From Filipino Heroes to Free Tours: 48 Hours in Seoul
Today, Seoul has captured the attention of the world with its tech innovations, dreamy Koreanovelas and catchy K-Pop Music. But there's more to the South's capital than the entertainment it brings to the world. The city has a rich history—both ancient and modern—that deserves to be discovered all on its own. Here's what to do if you’re a history buff, a military geek, or just a curious George and only have 48 hours in Seoul.
10:00 a.m. Changing of the Guards
Begin your trip with a visit to Gyeongbokgung Palace, Korea's former seat of power. In this place, you'll get to understand what wealth and power must have meant and looked like in the old days. Originally built in 1300s, the current palace isn't entirely historically authentic—having had to be rebuilt over the years—but it is faithful to Korea's traditonal architecture. Take in the immensity of the grounds and witness the Korean version of the Changing of the Guards. The show starts on the hour from 10:00 a.m. You can also join a free English tour that lasts for about an hour and a half.
12:00 p.m. Presidential Lunch
While still in the subject of power, why not have a traditional Jorean meal at a place frequented by one of the country's past presidents? Have your mid-day meal of Samgyetang or Ginseng Chicken Soup at Tosokchon Samgyetang which is about a 10 minute walk from the Palace. If President Roh Moo-hyun has given this place his own stamp of approval, then it must be good! If you get there earlier, you might get ahead of the long lunch queues but if not, don't fret. It moves rather quickly, mainly because of the restaurant's 420 seats.
1:30 p.m. Hanok Houses
Walk back in time through Seoul's Bukchon Hanok Village. This neighborhood set in the hills features traditional Korean houses, called "hanok," and offers a peek into traditional Korean culture. Historically, the upper crust of Korean society lived here—not surprising as it is near Gyeongbokgung Palace—and some parts are about 600 years old. People still do live in this part of town, so keep the noise level down while strolling along its streets. Grab a free map from the central tourism office where the best vantage points are marked. If you're up to it, walk for about fifteen minutes from the palace to get to the village. If not, take the Subway Line 3 and alight at Anguk Station. It's still a few hundred meters away, but the walk is worth it.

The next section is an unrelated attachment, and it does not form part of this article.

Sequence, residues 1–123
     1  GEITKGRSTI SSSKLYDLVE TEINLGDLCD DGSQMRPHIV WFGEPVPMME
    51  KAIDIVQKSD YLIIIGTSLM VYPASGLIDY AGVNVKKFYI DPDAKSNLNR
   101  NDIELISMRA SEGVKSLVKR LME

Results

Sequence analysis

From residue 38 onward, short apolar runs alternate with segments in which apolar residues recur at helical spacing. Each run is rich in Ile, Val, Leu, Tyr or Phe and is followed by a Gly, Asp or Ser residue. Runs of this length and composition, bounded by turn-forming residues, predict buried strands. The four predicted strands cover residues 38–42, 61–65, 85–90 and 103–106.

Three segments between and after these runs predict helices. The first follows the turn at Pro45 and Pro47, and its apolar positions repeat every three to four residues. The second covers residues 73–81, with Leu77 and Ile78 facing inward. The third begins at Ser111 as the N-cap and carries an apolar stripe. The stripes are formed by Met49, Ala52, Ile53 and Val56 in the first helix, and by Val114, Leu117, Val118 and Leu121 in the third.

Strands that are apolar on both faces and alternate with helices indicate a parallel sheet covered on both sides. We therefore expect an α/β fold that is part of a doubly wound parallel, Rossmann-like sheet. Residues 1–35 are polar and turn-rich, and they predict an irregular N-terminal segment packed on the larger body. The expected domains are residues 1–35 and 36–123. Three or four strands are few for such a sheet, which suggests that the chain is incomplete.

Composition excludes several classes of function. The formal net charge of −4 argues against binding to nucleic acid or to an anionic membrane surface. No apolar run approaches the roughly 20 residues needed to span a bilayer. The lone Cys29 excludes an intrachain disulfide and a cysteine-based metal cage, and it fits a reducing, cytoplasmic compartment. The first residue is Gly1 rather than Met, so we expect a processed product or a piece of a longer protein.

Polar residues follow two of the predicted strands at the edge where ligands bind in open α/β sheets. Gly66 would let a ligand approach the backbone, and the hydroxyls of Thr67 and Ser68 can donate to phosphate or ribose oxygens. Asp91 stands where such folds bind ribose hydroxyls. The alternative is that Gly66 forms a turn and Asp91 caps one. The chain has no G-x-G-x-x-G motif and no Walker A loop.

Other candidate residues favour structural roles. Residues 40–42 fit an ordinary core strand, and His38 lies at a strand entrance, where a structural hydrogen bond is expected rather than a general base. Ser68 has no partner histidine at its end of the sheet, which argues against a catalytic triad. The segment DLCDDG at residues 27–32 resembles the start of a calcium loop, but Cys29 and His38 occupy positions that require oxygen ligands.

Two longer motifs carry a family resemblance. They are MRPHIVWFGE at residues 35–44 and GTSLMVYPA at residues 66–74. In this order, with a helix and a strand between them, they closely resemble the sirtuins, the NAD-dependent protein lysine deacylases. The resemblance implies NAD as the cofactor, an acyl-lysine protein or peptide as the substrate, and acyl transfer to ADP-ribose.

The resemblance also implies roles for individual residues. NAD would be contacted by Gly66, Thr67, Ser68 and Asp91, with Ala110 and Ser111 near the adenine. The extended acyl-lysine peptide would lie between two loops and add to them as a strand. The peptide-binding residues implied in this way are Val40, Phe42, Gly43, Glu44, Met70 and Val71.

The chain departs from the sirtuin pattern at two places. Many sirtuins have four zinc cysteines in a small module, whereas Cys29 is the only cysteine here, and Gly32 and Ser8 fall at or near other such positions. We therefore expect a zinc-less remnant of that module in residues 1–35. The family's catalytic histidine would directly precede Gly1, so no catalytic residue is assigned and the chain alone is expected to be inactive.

3:00 p.m. Filipino Heroes
To understand a bit of South Korea's troubled history—and get a background for your day tour the next day—a visit to the War Memorial of Korea is a must. More than a memorial, it has a museum that depicts Korea's military history. During its most famous conflict, The Korean War, a lot of countries got involved including the Philippines. Pay your respects to the Filipinos who fought for Korea. The names of the fallen are engraved in plaques alongside the ones from other foreign countries. Some South Koreans—most of which are the old ones—still do show their great appreciation for our participation in the war. Perhaps, you should, too. Take Subway Line 4 and alight at Samgakji Station.
7:00 p.m. Korean Barbecue
Carrying on with the military mood, head to Itaewon for dinner and after-dinner drinks. Close to the US Army Base, the area is full of international restaurants, clubs, and bars. But if you still want some Korean grub, choose Maple Tree House for arguably the best Korean BBQ in the area. It's a bit on the pricey side but its superb ingredients makes it totally worth every Korean won you spend.
8:00 a.m. South of the Border
Start the day early as you head to the 38th Parallel North, or the border between North and South Korea. When you arrive, don't be fooled by the tranquil surroundings. This 8-kilometer area between the two Koreas has been purported to be the deadliest border in the world today. After all, they are still technically at war with each other. There are two types of tours around the Demilitarized Zone (DMZ)—the Morning DMZ Tour and the DMZ-JSA Tour. Better to book the latter. The Morning DMZ Tour itinerary usually includes the third infiltration tunnel—said to have been dug by the North to get to the South, Dorasan Observatory, and Imjingak Park which features the Peace Ribbons. After which, you then you head back to the City. The DMZ-JSA Tour includes the previous places as well as lunch, Joint Security Area, Freedom House, and the famous Military Armistice Comission Building. You'll need to book ahead due to security reasons.
7:00 p.m. College Life
Your head must be hurting a bit right now with the information overload or due to the enormous tension. So why not head to Hongdae to be with university students and soak in their youthful energy? More popularly known as the Hongik University area, it is rather popular for its indie music scene, unique cafes, and wide variety of shops. This is also the place to try Korean street food as they are more reasonably priced than the more popular shopping districts in the city. Take Subway Line 2 and alight at Hongik University Station.
6:00 a.m. Morning Hike
Before breakfast, head out of the door to the top of Maebongsan Park in Jung-gu for a glorious sunrise and panoramic view of the city of Seoul. From this vantage point, take in the urban jungle which Seoul has become and get an idea on which direction this city is heading. To get there, take the Subway Line 6 to Beotigogae Station and walk out Exit 3. It's about a 12-minute walk to the Maebongsan Park entrance so give yourself enough time for the walk and then the climb.